The construction industry has always sought ways to improve safety and efficiency. LEAN principles, derived from manufacturing, focus on eliminating waste, optimizing processes and enhancing overall productivity.
Warehouses are constantly looking for ways to boost productivity and streamline their practices. This process starts with simplifying operations and making sweeping changes that utilize technological advancements and forward-thinking ideas.
Manufacturing often finds itself up against challenges and pressures other industries do not. From a relatively strict regulatory environment to public health emergencies, global competition, emergent technologies and potential labor shortages, the manufacturing sector is always rolling with the punches and looking for avenues toward leaner operations and higher fortunes.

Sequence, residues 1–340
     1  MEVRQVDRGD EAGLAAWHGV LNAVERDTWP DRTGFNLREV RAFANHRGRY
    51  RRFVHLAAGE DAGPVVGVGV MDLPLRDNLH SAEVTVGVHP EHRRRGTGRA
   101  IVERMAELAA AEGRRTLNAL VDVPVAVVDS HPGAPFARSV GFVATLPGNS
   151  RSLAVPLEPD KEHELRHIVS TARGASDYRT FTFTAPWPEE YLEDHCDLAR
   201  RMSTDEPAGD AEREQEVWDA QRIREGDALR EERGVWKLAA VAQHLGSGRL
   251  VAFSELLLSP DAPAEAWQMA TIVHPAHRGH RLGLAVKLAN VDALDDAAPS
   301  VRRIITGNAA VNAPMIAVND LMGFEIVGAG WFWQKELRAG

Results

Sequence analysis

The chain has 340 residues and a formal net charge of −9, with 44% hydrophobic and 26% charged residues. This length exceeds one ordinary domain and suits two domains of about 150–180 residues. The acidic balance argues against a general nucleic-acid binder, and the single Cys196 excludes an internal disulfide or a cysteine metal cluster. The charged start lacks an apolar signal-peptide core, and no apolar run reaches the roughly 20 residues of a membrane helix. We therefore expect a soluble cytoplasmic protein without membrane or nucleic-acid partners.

Exoskeletons used in the workplace are referred to as “industrial exoskeletons.” Their purpose is to augment, amplify, or reinforce the performance of a worker’s existing body components—primarily the lower back and the upper extremity (arms and shoulders). Despite a lack of research, manufacturers of these devices claim productivity gains, work quality improvements, and a reduction of the risk of work‐related musculoskeletal disorders (WMSDs).
Want to discourage employees who have the flu from coming to work and spreading the virus to others in your workforce? Provide them with paid leave and the option of telework. That’s according to a study on work attendance during acute respiratory illness (ARI), which found that those provisions tend to keep sick employees away from the workplace and also help them retain some work productivity.